An article by Nicholas St. Fleur on nytimes.com - Oldest Known Drawing by Human Hands Discovered in South African Cave - reports on the discovery of a stone flake with nine red lines found in Blombos cave in South Africa. Archaeologists believe it may be the earliest known drawing made by Homo sapiens.
The decorated stone flake found, which scientists think is about 73,000 years old, predates the oldest previously known modern human abstract drawings from Europe by about 30,000 years. Christopher Henshilwood, an archaeologist from the University of Bergen in Norway and lead author of the study, states that this example of early drawing comes as a surprise. The finding, which was published in Nature, may provide insight into the origins of humanity's use of symbols.
The ancient drawing was unearthed in Blombos Cave, some 200 miles east of Cape Town. Archaeological deposits at the site date from 70,000 to 100,000 years ago during the Middle Stone Age. Inside the cave, scientists have uncovered Homo sapiens' teeth, spear points, bone tools, engravings and beads made from seashells.
The actual discovery was made by Luca Pollarolo, a research fellow at the University of the Witwatersrand in Johannesburg, South Africa, whilst cleaning artefacts excavated from the site in 2011. He contacted Dr. Henshilwood and Karen van Niekerk, also an archaeologist from the University of Bergen, and they agreed that the flake was worthy of further investigation.
They took the artifact to France to be examined by Francesco d'Errico, an archaeologist at the University of Bordeaux. There, the team had to determine whether the red lines were drawn onto the stone. If not, what were they?
Using a microscope, a laser and a scanning electron microscope, they determined that the marks were on top of the rock and that they were made from red ochre. Researchers at Blombos already know that ancient humans making ochre paint as far back as 100,000 years ago.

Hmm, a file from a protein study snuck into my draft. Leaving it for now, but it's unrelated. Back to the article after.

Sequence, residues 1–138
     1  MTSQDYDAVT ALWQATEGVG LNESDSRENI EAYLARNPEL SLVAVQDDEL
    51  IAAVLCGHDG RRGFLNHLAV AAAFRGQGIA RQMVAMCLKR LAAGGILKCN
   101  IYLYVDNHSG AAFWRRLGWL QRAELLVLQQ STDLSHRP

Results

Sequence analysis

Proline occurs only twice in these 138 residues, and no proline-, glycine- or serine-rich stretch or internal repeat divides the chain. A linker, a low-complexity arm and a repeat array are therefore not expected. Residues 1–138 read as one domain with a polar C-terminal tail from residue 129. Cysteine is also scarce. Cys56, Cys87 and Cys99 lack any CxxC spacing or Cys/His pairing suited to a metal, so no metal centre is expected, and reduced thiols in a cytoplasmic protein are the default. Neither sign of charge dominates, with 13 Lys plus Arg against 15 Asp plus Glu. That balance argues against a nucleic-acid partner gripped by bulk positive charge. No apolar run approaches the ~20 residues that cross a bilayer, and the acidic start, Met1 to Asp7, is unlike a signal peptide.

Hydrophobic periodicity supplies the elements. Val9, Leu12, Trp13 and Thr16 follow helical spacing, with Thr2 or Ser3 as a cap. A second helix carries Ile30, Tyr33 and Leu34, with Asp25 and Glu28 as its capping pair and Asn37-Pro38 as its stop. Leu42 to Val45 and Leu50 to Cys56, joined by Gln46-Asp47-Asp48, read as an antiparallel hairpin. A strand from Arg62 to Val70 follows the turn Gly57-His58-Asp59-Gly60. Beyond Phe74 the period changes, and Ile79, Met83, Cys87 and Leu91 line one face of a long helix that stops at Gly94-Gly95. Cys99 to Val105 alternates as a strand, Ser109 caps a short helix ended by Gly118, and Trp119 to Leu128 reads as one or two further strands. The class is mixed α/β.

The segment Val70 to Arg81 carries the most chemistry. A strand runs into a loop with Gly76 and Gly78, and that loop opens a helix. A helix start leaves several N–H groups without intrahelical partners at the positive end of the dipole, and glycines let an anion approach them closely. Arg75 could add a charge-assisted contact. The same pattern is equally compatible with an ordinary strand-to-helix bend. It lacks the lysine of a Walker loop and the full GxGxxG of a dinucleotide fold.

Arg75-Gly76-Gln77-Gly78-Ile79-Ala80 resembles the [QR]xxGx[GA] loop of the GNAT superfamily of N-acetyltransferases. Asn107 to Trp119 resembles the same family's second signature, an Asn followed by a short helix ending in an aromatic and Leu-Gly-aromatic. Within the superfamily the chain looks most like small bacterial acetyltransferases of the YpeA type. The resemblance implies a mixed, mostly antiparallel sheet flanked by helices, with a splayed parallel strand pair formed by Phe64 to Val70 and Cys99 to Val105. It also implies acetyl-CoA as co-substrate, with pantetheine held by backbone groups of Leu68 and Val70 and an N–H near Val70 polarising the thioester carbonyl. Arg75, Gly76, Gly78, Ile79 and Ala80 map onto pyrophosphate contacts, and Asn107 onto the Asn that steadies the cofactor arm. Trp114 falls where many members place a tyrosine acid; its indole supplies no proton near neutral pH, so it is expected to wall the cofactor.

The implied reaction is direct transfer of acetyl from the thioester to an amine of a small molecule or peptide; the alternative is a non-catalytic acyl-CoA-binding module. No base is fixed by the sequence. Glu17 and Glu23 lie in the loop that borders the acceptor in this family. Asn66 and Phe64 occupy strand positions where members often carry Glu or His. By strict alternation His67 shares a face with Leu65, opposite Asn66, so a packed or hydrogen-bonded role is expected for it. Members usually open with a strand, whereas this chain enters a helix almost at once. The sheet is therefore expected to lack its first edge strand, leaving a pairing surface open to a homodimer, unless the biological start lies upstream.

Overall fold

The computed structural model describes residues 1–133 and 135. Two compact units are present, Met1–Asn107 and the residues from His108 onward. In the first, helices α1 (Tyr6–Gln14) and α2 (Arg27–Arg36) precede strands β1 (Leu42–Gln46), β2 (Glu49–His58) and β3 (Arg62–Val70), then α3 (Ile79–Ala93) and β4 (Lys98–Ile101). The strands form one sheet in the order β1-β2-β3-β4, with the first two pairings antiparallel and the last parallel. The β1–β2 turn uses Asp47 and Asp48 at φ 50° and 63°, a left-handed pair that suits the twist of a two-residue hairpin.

Painted or drawn? The researchers recreated ochre paint, then fashioned a wooden stick into a brush and made strokes on stone flakes comparable to the specimen. They also made an ocher crayon and drew lines. They then compared the paint markings and crayon markings with what they had seen on the artefact. They determined that the marks were drawn, using ocher tip that most likely measured only about 1 to 3 mm in thickness.
That distinction between a painting and drawing is important, according to Dr. Henshilwood, because ocher paint batches can dry. That makes it less useful than an ocher crayon used by an ancient human whenever she or he wanted to make symbols without going to the trouble of mixing up paint.
Dr. Henshilwood and his team suggest the flake was once a part of a larger stone that the prehistoric humans may have used to grind ochre. They also showed that the original red lines most likely stretched past what was seen on the stone flake before the grindstone was broken.
Design or random? Dr. Henshilwood believes the marks are part of a symbol. Moreover, they were made by a member of our species, and not some other hominin, because they have only found Homo sapiens remains in the cave. Similar criss-cross and hash mark patterns have been found engraved in pieces of ocher found in the cave. The latest finding provided further evidence that early humans in Africa used symbols and abstract thinking across a multitude of methods, including drawing, painting, engraving and jewellery making.
Research continues on the newly named artefact - #L13.
Where is the oldest rock art?